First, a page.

In former times, a refiner of silver heated the silver, which caused the impurities to rise to the surface. He skimmed off this dross and continued the heating and skimming process until he could see his reflection in the molten metal — then he knew it was pure. This is what the Holy Spirit is doing in our lives — skimming the impurities until He can clearly see the image of Jesus in us.
Take a moment and read Matthew 3:11,12.
John the Baptist said, in reference to Jesus, “He will baptize you with the Holy Spirit and fire … His winnowing fork is in His hand … He will gather His wheat into the barn, but He will burn up the chaff with unquenchable fire.”
The baptism which Jesus brings — the Holy Spirit and fire — does not only refer to final judgment on the unredeemed but also to present cleansing in the hearts of the redeemed. When we receive Jesus as our Lord, the Holy Spirit comes to dwell within us for the purpose of guiding us into truth, cleansing us from sin’s destructive impact on our lives and preparing a people holy unto the Lord.
Likewise, the image of the winnowing fork and the chaff burned in the fire do not only refer to final judgment. A winnowing fork was a tool which the farmer used to toss the harvested grain into the air. The breeze would blow the chaff away, leaving the wheat to be ground into flour. And so it will be on the day of judgment — the Holy Spirit will separate the redeemed from the unredeemed.
But more than final judgment, the winnowing fork also speaks of the present ministry of Jesus working in harmony with and through the Holy Spirit, separating out of our lives those sins, habits and characteristics which are as useless as chaff, while confirming the wheat, which speaks of the life of Christ in us. The fire refers not merely to the final fire of destruction of the ungodly but the purifying fire of the Divine Refiner, that is, the present work of the Holy Spirit cleansing us of sinful habits and attitudes which work death and destruction in us.
Take a moment and read 2 Corinthians 3:17,18 and I John 3:2,3.
Into whose image are we being transformed? Into the image of Jesus. This is a work of the Holy Spirit.
4. The Holy Spirit witnesses within us that we are children of God:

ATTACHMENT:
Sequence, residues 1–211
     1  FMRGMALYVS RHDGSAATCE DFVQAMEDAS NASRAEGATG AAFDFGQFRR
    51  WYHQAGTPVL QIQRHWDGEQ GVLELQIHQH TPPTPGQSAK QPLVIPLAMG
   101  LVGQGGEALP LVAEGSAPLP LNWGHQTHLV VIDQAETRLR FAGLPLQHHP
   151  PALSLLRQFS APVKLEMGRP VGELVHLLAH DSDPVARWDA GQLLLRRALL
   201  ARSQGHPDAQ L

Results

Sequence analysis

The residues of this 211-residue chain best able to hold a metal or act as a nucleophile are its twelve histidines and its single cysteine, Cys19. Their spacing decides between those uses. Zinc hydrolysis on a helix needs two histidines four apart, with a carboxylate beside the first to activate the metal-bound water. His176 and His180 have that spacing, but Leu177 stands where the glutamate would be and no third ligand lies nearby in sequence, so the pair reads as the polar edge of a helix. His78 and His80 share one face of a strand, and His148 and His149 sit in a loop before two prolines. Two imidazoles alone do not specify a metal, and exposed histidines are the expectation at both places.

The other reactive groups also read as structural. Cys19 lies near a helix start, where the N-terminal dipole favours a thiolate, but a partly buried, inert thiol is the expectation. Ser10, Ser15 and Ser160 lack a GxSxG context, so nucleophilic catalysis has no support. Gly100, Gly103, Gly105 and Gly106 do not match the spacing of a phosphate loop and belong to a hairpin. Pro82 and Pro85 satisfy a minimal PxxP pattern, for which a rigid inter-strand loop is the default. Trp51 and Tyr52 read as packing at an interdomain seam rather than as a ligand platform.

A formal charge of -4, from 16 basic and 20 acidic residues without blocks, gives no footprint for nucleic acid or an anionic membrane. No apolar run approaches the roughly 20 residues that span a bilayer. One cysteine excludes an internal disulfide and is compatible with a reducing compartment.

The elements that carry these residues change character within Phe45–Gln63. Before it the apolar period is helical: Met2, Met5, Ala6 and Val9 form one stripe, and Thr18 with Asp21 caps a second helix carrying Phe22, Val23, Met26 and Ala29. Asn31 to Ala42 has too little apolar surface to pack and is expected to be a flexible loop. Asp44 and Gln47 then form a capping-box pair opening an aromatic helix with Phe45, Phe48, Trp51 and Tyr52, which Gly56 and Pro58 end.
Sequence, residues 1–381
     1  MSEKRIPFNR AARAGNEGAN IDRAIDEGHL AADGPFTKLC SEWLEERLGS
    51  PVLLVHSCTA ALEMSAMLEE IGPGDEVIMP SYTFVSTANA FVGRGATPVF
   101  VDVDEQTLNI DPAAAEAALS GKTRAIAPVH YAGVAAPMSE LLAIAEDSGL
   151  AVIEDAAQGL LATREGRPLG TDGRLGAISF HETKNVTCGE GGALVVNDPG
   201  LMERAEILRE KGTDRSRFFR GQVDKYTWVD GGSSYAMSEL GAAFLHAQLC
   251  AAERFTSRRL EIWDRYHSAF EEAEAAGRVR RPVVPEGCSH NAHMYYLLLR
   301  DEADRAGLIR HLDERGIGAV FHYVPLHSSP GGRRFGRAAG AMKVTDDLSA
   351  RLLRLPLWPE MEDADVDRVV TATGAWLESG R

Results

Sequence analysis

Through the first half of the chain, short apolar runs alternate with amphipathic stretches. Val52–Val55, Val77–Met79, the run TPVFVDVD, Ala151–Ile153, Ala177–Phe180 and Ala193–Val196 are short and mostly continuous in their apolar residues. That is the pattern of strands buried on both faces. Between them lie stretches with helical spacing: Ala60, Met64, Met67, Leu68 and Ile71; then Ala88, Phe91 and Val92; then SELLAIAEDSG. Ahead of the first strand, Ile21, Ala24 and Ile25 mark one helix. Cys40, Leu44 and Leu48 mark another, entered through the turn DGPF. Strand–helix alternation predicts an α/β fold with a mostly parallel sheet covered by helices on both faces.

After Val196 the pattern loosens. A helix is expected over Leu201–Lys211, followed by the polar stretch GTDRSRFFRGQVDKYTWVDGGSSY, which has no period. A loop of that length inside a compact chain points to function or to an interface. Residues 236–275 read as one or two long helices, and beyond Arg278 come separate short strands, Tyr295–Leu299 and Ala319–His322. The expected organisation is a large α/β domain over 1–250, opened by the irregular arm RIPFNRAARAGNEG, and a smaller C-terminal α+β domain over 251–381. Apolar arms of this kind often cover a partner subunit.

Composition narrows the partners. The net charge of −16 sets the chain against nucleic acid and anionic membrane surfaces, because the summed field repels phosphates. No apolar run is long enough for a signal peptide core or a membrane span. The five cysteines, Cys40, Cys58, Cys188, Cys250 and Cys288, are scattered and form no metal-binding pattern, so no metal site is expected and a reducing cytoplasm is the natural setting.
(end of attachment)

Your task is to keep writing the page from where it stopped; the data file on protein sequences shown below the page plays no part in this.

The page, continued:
Take a moment and read Romans 8:14-17 and Galatians 5:22,23.
The Holy Spirit witnesses within us that we are children of God, heirs of God and fellow heirs with Jesus. He does this by giving us the power to live our new life and by producing in us the fruit or characteristics of the life of Christ.
5. The Holy Spirit prays within us:
Take a moment and read Romans 8:26,27.
The Holy Spirit knows us perfectly and knows the mind of God perfectly and so is able to pray for us in perfect agreement with the purpose of God for our lives and for this world.
6. The Holy Spirit empowers us to be His witnesses.
Take a moment and read Acts 1:8.
“But you will receive power when the Holy Spirit has come upon you and you shall be My witnesses.” The word power is dunamis, from which we derive the English words dynamite, dynamo and dynamic. The Holy Spirit works powerfully in and through us so we can tell the world about Jesus.
1. If you are a disciple of Jesus, when did the Holy Spirit come to indwell you?
2. What work is the Holy Spirit doing in us?
Foundations in Faith:
Whole and Holy
Holy Spirit, Holy Life: Part II
When we were born again, the Holy Spirit came to live in us, immersing us into an intimate, living relationship with a living Savior. He teaches us about Jesus, purifies and transforms us, witnesses within us that we are children of God, prays within us and empowers us to be His witnesses.
He also produces in us the character of Jesus. This is called the fruit of the Spirit.
E. The Fruit of the Spirit